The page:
, pub-7478144801409215, DIRECT, f08c47fec0942fa0, pub-7478144801409215, DIRECT, f08c47fec0942fa0


December 3, 2015

‘Fiat Justitia’ is the motto of the Court. It is a Latin phrase, which means ‘ Let Justice be done’. Appreciation of evidence involves weighing the credibility and reliability of the evidence presented in the case. According to Bentham, ‘evidence’ is any matter of facts, the effect, tendency or design of which is to produce in the mind, a persuasion, affirmative or dis-affirmative, of the existence of some other matter of fact. Under section 3 the Indian Evidence Act,1872 ‘evidence’ means and includes all statements, which the Court permits or requires to be made before it by witnesses, in relation to matters of fact under enquiry and all documents including electronic records produced for the inspection of the Court. The standard of proof in Criminal cases is not the same as in the Civil. Importantly, in criminal cases, the burden of proving the guilt of an accused is upon the prosecution. It must stand by itself. Essentially, accused need not establish his case beyond all reasonable doubt. Of course, in some cases, where the burden of proof relating to a fact in issue in a case is on the accused, the stand of proof required of him is not the same as is required from the prosecution. This proposition of law is no more res-integra. Upon such proof as is adduced, if there is a real and reasonable doubt as to his guilt, the accused is entitled to the benefit of doubt. The law always requires that the conviction should be certain and not doubtful. If the evidence on record establishes the truth of the charge and satisfies the reason and judgment of the Court such evidence must be taken to have proved the charge beyond all reasonable doubt justifying conviction. How to appreciate evidence in a criminal case is explained in Sardul Singh vs. State of Haryana, AIR 2002 SC 3462).

Appreciation of the evidence of the injured witnesses:-

In the case of State of Gujarat Vs. Bharwad Jakshibhai and others,1990 CrLJ 2531¬ “For appreciating the evidence of the injured witnesses the Court should bear in mind that :
(1) Their presence at the time and place of the occurrence cannot be doubted.
(2) They do not have any reason to omit the real culprits and implicate falsely the accused persons.
(3) The evidence of the injured witnesses is of great value to the prosecution and it cannot be doubted merely on some supposed natural conduct of a person during the incident or after the incident because it is difficult to imagine how a witness would act or react to a particular incident. His action depends upon number of imponderable aspects.
(4) If there is any exaggeration in their evidence, then the exaggeration is to be discarded and not their entire evidence.

Some useful rulings for daily reference of Judicial Officers and Advocates:-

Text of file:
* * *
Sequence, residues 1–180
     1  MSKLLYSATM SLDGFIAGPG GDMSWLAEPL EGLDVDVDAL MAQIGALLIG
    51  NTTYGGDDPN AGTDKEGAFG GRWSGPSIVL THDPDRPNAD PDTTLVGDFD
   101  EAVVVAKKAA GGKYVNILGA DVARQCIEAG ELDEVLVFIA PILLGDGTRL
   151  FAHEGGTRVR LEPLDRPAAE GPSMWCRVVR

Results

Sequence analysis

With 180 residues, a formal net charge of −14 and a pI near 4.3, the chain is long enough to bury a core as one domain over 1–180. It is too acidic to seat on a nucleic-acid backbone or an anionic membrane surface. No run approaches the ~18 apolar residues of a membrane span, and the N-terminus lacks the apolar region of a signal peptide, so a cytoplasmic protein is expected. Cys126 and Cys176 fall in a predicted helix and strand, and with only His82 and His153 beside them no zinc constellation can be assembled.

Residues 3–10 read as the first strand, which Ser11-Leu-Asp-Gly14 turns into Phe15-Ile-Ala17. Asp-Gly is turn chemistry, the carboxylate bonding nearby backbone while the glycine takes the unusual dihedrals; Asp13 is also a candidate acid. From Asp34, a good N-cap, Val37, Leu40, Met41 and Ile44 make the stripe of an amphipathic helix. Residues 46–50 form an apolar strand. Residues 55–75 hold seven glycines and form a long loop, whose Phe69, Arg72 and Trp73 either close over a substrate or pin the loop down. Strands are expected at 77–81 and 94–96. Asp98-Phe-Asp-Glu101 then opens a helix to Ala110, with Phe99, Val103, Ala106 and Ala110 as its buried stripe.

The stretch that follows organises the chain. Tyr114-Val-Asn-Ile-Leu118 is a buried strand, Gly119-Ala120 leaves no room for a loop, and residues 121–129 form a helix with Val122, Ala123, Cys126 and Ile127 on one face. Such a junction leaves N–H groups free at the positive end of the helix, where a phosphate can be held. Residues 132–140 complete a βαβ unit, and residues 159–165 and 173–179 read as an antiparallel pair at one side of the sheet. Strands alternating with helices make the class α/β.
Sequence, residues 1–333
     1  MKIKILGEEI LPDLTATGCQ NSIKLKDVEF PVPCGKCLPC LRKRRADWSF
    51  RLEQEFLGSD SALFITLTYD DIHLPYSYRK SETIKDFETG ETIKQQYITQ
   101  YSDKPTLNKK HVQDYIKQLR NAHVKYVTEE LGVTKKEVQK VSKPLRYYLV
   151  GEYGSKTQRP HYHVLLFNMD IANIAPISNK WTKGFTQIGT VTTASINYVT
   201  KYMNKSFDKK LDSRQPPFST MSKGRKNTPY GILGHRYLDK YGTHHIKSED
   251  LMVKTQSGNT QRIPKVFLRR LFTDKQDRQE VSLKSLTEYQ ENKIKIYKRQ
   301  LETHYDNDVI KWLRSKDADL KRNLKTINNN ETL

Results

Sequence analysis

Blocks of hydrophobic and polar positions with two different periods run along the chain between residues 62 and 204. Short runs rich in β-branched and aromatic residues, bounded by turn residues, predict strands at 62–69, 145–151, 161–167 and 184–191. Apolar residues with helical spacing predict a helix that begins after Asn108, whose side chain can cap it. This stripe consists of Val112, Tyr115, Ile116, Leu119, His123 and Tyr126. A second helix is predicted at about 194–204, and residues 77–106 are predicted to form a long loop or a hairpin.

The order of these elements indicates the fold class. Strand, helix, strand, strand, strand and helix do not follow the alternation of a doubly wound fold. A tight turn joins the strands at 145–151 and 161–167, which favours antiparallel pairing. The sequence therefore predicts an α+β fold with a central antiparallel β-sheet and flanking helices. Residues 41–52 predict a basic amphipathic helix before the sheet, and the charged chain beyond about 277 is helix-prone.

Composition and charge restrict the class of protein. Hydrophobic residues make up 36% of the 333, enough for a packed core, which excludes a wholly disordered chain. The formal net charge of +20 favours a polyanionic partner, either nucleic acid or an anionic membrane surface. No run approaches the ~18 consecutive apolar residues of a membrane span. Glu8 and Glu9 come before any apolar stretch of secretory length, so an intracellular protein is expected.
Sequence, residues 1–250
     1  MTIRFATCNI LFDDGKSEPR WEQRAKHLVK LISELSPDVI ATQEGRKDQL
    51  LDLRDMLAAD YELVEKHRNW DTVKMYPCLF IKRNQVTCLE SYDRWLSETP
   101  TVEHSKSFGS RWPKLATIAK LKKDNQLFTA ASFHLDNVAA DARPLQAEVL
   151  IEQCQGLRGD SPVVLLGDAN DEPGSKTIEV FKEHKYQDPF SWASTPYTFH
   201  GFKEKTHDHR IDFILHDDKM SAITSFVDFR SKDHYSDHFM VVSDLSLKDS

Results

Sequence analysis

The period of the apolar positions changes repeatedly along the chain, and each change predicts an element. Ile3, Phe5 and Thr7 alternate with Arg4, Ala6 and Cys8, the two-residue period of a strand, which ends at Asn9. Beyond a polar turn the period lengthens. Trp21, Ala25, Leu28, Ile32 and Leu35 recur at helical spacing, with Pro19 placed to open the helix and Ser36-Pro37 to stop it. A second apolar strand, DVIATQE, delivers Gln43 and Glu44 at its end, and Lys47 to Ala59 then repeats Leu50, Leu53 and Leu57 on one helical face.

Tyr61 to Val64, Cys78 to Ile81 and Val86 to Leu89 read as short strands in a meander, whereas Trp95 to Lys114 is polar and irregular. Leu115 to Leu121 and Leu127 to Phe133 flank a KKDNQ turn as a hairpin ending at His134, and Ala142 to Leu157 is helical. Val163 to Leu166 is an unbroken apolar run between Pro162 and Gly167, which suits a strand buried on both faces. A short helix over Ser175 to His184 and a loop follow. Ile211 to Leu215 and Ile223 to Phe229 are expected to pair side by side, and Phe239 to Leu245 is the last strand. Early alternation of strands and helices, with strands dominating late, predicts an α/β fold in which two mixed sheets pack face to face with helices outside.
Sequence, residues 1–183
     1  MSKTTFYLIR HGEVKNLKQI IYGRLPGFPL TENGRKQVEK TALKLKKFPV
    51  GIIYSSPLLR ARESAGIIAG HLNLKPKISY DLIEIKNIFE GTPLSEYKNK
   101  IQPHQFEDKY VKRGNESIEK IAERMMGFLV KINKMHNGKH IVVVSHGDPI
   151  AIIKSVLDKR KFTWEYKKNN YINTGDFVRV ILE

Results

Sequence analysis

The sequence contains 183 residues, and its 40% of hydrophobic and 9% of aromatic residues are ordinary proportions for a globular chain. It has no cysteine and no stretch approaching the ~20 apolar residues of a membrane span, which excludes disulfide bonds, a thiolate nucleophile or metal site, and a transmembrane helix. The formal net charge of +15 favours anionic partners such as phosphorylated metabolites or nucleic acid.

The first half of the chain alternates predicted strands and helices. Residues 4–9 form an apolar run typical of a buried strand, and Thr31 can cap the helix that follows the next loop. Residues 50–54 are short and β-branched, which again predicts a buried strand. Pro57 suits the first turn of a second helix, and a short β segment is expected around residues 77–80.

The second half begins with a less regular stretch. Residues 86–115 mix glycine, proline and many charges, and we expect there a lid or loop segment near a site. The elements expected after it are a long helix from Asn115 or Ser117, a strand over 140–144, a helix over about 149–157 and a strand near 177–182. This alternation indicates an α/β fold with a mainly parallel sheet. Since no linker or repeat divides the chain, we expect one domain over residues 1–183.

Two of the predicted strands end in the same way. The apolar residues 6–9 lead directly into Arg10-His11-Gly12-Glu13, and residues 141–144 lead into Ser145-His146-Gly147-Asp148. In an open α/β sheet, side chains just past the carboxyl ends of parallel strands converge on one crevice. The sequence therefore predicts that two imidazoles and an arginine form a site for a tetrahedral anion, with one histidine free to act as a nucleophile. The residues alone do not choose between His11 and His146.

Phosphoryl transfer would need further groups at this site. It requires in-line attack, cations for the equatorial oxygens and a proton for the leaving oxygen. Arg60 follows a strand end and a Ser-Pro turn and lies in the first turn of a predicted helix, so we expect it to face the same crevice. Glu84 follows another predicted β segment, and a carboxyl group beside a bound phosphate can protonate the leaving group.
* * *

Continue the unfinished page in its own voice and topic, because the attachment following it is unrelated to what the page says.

First Information Report :
Rotash vs.State of Rajasthan [(2006) 12 SCC 64]; Baldev Singh vs. State of Punjab – (1990) 4 SCC 692; Ishwar Singh vs. State of U.P – AIR 1976 SC 2423; State of H.P. V. Gian Chand (2001) 6 SCC 71; Dilawar Singh V. State of Delhi reported in 2007 (12) SCC 641; Animireddy Venkata Ramana vs. Public Prosecutor, High Court of Andhra Pradesh – (2008) 5 SCC 368.

Case diary :- Hari Yadhav vs State of Bihar 2008 Cri.L.J. 821; – Bachan Singh vs. State of Bihar – (2008) 12 SCC 23;

Witnesses:- Hostile Witness- –Vikramjit Singh alias Vicky vs. State of Punjab – 2006 AIR SCW 6197; Inimical witness – Kallu alias Masih vs. The State of Madhya Pradesh – 2006 AIR SCW 177; Interested and partisan witness- – Mallanna V. State of Karnataka reported in (2007) 8 SCC 523.; Non-Examination of independent witnesses- Jarnail Singh V. State of Punjab reported in 2009 (1) Supreme 224; Solitary witness – State of Rajasthan V. Om Prakash (2007 (12) SCC 381; Vadivelu Thevar case (AIR 1957 SC 614) ;

Sahib singh vs. State of Haryana (AIR 1997 SC 3247) ; Satbir Singh V. State of Punjab (1977 (2) SCC 263; Nishi Kant Jha vs. State of Bihar (AIR 1969 SC 422); Devku Bhikha vs. State of Gujarat – 1995 AIR SC 2171; Ram Chandra vs. State of U.P. (AIR 1957 SC 381); Bishnu Prasad Sinha V. State of Assam (2007 (11) SCC 467); Vilayuda Pulavar vs State 2009(14) SCC 436; Ram Prakash vs. State of Punjab – AIR 1959 SC 1.

Extra – judicial confession :– State of Punjab vs. Bhajan Singh – AIR 1975 SC 258; Siva Kumar vs. State – 2006 (1) SCC 714; – Narayan Singh and others vs. State of M.P. – AIR 1985 SC 1678; Maghar Singh vs. State of Punjab – AIR 1975 SC 1320; Gura Singh v. State of Rajasthan (2001 (2) SCC 205); Jaswant Gir V. State of Punjab (2005 (12) SCC 438); Chattar Singh and Anr. V. State of Haryana reported in 2008 (8) Supreme 178.

Inquest Report:- State of U.P vs. Abdul (AIR 1997 SC 2512); Radha Mohan Singh vs. State of U.P – (2006) 2 SCC 450; Suresh Rai vs. State of Bihar (AIR 2000 SC 2207); State Rep. by Inspector of Police, Tamil Nadu V. Rajendran & Ors. reported in 2008 (8) Supreme 188; Satbir Singh Vs State of Uttar Pradesh, AIR 2009 SC 2163;

Statements recorded under sections 161 and 164:–  State of U.P vs. M.K. Anthony – AIR 1985 SC 48; Dandu Lakshmi Reddi vs. State of A.P. (AIR 1999 SC 3255); Sunil Kumar and others vs. State of M.P. reported in AIR 1997 SC 940; Rajendra singh vs. State of U.P – (2007) 7 SCC 378; Gurnam Kaur vs. Bakshish Singh and others – AIR 1981 SC 631.

Dying declaration:- P.Mani vs. State of T.N. reported in (2006) 3 SCC 161; Laxman V. State of Maharashtra (2002 SCC (Cri.) 1491); Samadhan Dhudka Koli V. State of Maharashtra reported in 2008 (8) Supreme 719; S.Panneerselvam vs State of Tamil Nadu 2008 Cri.L.J 3531.